John Grunsfeld, NASA's new chief scientist, isn't merely passionate about space science: “I've been willing to risk my life to do science,” he says. From others, that statement might sound boastful or delusional. But it is true enough in Grunsfeld's case — he has travelled on the space shuttle four times, including a 16-day research flight in 1995 and two trips to upgrade the Hubble Space Telescope.

Grunsfeld took over this month as NASA's fourth chief scientist since former administrator Dan Goldin created the position ten years ago. Since then the job has carried little political clout and no budgetary authority. But these are turbulent times at the space agency, with major decisions about its future goals looming large on the horizon. Grunsfeld — an astronomer who succeeds two biologists in the position — might just be the man of the moment, observers of the space agency say.

Space man: John Grunsfeld's own missions have convinced him that human spaceflight is vital. Credit: NASA

He brings to the job a solid research background. A 44-year-old native of Chicago, he obtained a doctorate in physics from the University of Chicago and did postdoctorate work there and at the California Institute of Technology (Caltech) in Pasadena, before beginning his astronaut training in 1992.

A specialist in γ-ray and X-ray astronomy, he has worked at the Very Large Array in Socorro, New Mexico, as well as on spaceborne instruments such as the Hubble and the Compton Gamma Ray Observatory. He has published his work in places such as the Astrophysical Journal — no mean feat considering the time demands of shuttle training.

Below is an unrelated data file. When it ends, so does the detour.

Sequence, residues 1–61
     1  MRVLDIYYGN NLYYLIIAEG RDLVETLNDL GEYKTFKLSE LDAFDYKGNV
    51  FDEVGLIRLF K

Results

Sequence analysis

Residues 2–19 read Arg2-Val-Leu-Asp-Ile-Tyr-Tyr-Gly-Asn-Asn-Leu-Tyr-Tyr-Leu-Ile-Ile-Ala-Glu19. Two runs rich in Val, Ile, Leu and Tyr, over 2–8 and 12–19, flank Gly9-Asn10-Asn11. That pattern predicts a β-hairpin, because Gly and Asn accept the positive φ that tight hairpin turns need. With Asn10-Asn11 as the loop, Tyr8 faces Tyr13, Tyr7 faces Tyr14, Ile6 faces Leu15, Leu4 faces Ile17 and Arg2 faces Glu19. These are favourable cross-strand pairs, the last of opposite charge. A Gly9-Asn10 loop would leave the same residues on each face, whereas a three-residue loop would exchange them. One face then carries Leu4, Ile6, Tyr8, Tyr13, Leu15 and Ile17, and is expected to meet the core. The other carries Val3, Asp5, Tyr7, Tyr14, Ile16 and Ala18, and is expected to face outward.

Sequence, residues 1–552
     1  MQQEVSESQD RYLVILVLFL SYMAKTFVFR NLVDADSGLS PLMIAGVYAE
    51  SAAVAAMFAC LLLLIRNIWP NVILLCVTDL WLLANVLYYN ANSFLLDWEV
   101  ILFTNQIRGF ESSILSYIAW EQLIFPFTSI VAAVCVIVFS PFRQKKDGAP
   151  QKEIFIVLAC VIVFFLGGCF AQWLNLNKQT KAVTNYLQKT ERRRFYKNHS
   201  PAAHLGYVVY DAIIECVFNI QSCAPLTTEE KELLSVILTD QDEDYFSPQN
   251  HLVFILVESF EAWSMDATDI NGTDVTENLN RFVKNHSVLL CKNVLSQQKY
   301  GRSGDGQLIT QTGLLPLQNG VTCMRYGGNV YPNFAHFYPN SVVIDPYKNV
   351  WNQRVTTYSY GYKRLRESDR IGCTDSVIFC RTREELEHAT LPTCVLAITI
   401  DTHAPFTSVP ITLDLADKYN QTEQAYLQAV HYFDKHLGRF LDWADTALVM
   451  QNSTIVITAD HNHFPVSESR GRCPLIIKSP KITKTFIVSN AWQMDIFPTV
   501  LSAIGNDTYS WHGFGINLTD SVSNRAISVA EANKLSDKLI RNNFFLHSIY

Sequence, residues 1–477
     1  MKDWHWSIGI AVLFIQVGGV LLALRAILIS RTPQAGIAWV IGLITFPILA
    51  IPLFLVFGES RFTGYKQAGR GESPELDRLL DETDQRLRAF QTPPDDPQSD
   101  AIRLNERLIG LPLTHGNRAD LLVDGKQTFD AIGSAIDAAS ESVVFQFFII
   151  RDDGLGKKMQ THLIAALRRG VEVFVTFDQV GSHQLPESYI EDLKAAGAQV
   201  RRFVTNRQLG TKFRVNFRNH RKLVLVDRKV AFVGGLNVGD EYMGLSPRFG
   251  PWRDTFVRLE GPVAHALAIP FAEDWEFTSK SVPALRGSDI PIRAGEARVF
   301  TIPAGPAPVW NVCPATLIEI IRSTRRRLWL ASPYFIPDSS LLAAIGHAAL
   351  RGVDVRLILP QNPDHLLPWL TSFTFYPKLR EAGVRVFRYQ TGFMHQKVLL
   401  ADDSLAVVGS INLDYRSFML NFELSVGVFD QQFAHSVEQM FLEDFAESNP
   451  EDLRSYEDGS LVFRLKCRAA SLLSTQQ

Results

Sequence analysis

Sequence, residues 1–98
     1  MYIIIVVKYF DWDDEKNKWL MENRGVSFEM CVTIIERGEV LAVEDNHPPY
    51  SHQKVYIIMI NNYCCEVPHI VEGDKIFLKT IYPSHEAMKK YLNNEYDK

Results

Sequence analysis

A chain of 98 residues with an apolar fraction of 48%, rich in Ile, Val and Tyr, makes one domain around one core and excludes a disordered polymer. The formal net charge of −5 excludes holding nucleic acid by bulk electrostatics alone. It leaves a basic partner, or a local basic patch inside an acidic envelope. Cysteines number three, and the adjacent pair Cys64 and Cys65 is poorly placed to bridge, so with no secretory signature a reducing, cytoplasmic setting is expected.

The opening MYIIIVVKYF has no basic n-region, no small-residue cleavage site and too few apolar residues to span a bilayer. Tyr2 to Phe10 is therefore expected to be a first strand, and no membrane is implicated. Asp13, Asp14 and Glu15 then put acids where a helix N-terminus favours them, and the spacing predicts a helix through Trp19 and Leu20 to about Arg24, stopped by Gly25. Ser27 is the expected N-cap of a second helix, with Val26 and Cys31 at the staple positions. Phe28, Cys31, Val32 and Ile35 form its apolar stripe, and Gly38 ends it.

Anneila Sargent, an astronomer at Caltech, says that researchers should find Grunsfeld easy to talk to. “I see John as approachable,” she says, adding that he talks scientists' language. As chief scientist, he will be responsible for advising NASA administrator Sean O'Keefe on the agency's entire research portfolio — not just astronomy but also Earth science, as well as the biological and materials-science experiments planned for the International Space Station.

Grunsfeld says that he is well aware of scientists' scepticism about the space station (see Nature 418, 263; 200210.1038/418263a), but thinks that it is unfair to judge its usefulness while it is still under construction. He says that critics of the station may have the wrong idea about it because of their own backgrounds: laboratory scientists, he points out, are used to working in fully controlled environments. “Field scientists have a more accurate idea of how much scientific return we can get,” he says, as they are used to unpredictability and to handling logistical challenges. Doing science in space, he contends, is more akin to “an athletic event”.

His two successful Hubble missions are his proudest achievements as an astronaut, Grunsfield says, adding that the telescope-servicing operations were a 'poster child' for cooperation between NASA's astronaut programme and its scientific projects. Furthering such endeavours, he says, will be “absolutely top of my list” of priorities as chief scientist. In the past year he has been involved in planning for future space telescopes that could be serviced by a combination of humans and robots — just the sort of human-spaceflight objective that NASA badly needs in the wake of the Columbia accident.

Such projects will need large infusions of money, as well as advocates like Grunsfeld, if they are to come to fruition. If NASA pursues an ambitious programme of human exploration, says Joe Alexander, director of the National Academy of Sciences' Space Studies Board, Grunsfeld's talents as an astronaut and astronomer could prove to be a useful combination.